The African Union has urged Nigeria, the continent’s biggest economy, to join a new pan-African trade zone before the agreement comes into effect at the of the month.
The African Continental Free Trade Area will cut tariffs to zero on 90 per cent of goods for member states in an effort to bolster intra-African trade and growth. So far, 52 African countries have signed up, with only Eritrea, Benin and Nigeria still holding out.
“We are encouraging [Nigeria] to be among the founding parties and sign the agreement before May 30,” Albert Muchanga, the AU trade commissioner, said in an interview with the Financial Times at the regional body’s headquarters in Addis Ababa.
“Africa’s share of global trade is going to increase as a result of enlarging the domestic market,” he said. “It is in their interests to ratify.”
Intra-African commerce, which was worth about $170bn in 2017, accounts for approximately 15 per cent of the continent’s trade, according to the African Export-Import Bank. This compares with 67 per cent in the EU and 58 per cent in Asia.
By removing duties and addressing non-tariff barriers such as poor infrastructure and inefficient border posts, the AU hopes to help local companies grow by linking the continent’s small, fragmented economies in an integrated market of more than 1bn potential customers.
“Transform yourself to operate to the scale of the African Continental Free Trade Area. When you do that you will have the capacity to reach out to the rest of the world . . . That is the message we are conveying to the business people,” said Mr Muchanga.
Nigeria, Africa’s largest economy and most populous nation, has yet to be convinced, concerned that free trade could hurt local industry that already benefits from a domestic market of more than 190m people.
We need to understand the costs and benefits to the Nigerian economy, so that we can take whatever actions necessary to mitigate any negative implications
Mansur Ahmed, president of the Manufacturers Association of Nigeria
“I can understand the AU’s preference that Nigeria is a founding signatory — I fully understand that because Nigeria is an important anchor for Africa as a whole,” said Mansur Ahmed, president of the Manufacturers Association of Nigeria (MAN), a powerful trade lobby that has been the chief organisation urging caution.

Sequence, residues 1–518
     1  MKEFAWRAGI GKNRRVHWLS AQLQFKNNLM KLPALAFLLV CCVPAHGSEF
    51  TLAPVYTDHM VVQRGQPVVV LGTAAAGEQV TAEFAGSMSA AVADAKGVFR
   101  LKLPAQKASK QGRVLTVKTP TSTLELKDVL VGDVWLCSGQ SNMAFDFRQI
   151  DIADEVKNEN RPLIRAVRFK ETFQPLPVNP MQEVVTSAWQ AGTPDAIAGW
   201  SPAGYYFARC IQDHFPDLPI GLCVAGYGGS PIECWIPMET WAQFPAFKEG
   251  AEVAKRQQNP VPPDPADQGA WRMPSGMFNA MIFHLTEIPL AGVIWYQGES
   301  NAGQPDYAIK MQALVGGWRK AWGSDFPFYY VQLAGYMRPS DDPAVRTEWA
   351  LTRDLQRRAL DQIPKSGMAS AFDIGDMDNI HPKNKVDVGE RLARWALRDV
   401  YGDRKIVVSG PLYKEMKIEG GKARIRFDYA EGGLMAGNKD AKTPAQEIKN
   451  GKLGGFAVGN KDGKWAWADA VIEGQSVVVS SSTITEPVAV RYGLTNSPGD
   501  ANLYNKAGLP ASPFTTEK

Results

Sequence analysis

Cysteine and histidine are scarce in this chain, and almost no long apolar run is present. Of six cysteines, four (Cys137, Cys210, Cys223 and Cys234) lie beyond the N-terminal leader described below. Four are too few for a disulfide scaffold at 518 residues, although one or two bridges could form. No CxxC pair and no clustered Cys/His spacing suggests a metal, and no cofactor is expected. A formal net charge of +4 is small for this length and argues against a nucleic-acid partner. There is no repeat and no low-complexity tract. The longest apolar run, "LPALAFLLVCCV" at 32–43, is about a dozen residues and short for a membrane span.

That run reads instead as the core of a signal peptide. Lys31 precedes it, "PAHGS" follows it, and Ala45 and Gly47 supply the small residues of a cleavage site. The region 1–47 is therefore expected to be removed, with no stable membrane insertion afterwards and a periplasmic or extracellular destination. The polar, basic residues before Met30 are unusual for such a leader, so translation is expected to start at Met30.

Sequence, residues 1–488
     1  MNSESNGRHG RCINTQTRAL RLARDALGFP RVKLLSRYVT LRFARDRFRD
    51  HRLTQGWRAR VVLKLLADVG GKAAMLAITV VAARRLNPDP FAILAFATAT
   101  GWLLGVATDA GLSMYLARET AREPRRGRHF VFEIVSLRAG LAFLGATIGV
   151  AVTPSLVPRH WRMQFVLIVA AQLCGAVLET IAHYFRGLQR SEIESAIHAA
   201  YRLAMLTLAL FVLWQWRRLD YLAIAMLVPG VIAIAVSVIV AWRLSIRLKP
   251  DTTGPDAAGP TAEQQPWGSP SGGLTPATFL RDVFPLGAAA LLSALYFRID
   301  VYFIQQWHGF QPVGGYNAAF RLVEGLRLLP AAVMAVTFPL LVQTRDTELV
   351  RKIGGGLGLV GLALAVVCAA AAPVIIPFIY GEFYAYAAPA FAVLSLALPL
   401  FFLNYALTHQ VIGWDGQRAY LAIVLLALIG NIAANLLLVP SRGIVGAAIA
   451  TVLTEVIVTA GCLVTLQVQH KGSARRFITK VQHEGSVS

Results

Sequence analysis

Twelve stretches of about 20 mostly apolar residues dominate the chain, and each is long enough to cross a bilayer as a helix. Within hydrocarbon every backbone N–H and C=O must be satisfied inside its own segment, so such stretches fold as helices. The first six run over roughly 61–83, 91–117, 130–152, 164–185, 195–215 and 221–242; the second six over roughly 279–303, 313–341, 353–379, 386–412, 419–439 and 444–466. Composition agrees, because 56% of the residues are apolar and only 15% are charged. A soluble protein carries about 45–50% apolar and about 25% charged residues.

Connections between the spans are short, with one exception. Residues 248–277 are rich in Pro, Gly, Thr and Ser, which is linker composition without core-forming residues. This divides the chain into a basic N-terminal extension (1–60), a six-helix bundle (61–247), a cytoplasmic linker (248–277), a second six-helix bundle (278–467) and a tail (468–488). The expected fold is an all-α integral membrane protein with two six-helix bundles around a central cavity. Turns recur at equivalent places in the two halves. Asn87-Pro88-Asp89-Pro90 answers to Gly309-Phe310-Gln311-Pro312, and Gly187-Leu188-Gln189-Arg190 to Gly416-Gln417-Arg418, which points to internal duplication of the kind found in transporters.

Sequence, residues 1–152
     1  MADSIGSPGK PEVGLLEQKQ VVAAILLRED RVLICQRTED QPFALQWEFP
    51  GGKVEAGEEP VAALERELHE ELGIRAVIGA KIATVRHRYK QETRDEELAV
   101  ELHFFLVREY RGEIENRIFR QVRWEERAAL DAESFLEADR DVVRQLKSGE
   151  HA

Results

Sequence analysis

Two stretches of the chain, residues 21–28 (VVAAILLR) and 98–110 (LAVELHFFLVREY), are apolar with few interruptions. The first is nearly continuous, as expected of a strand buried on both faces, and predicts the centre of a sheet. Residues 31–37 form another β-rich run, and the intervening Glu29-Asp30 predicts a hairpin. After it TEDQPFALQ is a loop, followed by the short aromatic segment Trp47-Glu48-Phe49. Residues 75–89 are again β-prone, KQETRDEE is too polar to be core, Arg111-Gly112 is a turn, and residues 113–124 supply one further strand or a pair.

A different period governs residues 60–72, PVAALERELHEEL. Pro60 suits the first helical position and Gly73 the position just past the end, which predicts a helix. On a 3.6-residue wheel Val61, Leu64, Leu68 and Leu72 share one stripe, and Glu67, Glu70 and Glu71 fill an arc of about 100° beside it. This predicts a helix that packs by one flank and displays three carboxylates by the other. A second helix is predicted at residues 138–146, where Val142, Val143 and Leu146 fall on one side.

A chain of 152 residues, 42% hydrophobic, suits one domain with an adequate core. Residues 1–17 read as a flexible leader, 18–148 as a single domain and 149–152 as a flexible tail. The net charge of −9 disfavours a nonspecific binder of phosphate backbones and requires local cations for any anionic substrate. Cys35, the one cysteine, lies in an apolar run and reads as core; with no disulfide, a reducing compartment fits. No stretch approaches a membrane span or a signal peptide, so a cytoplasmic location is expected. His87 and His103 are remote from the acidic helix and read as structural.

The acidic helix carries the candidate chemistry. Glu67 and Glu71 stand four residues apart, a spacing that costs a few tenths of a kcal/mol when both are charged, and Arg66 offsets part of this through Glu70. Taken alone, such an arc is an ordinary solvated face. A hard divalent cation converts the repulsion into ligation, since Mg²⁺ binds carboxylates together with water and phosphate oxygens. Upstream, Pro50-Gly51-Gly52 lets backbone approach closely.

“But that is also why it’s so important that Nigeria’s participation is based on a clear understanding of . . . the agreement and the implications for Nigeria,” he said.
President Muhammadu Buhari has largely supported MAN’s go-slow approach, even as the country’s other main business lobby, the Nigerian Association of Chambers of Commerce, Industry, Mines and Agriculture, has backed the project. Mr Buhari has set up a commission to study the effect of the free trade zone and MAN said it wanted the report to be made public before Nigeria signed the agreement.
“We need to understand the costs and benefits to the Nigerian economy, so that we can take whatever actions necessary to mitigate any negative implications,” Mr Ahmed said.
The AU is aware that there will be short-term pain, particularly for countries that depend heavily on tariff revenue. It said member states would establish an adjustment facility to provide budget support to countries that faced a sudden revenue deficit.
Before that facility is in place, the African Export-Import Bank has agreed to provide a line of credit of up to $1.5bn to help member states meet any shortfall, while discussions with the World Bank are continuing, Mr Muchanga said.
“Theoretically we have about $2.5bn, which member states may or may not need,” he said.
Benedict Oramah, President of Afreximbank, said the facility would enable countries to “achieve an orderly adjustment” to the new regime and “facilitate expanded intra-regional trade”.
Of the 52 signatories, a threshold of 22 countries — including Ghana, Ethiopia and Kenya — have so far ratified the agreement, which will come into effect on May 30. The trade zone will then be operational for those countries from July 7.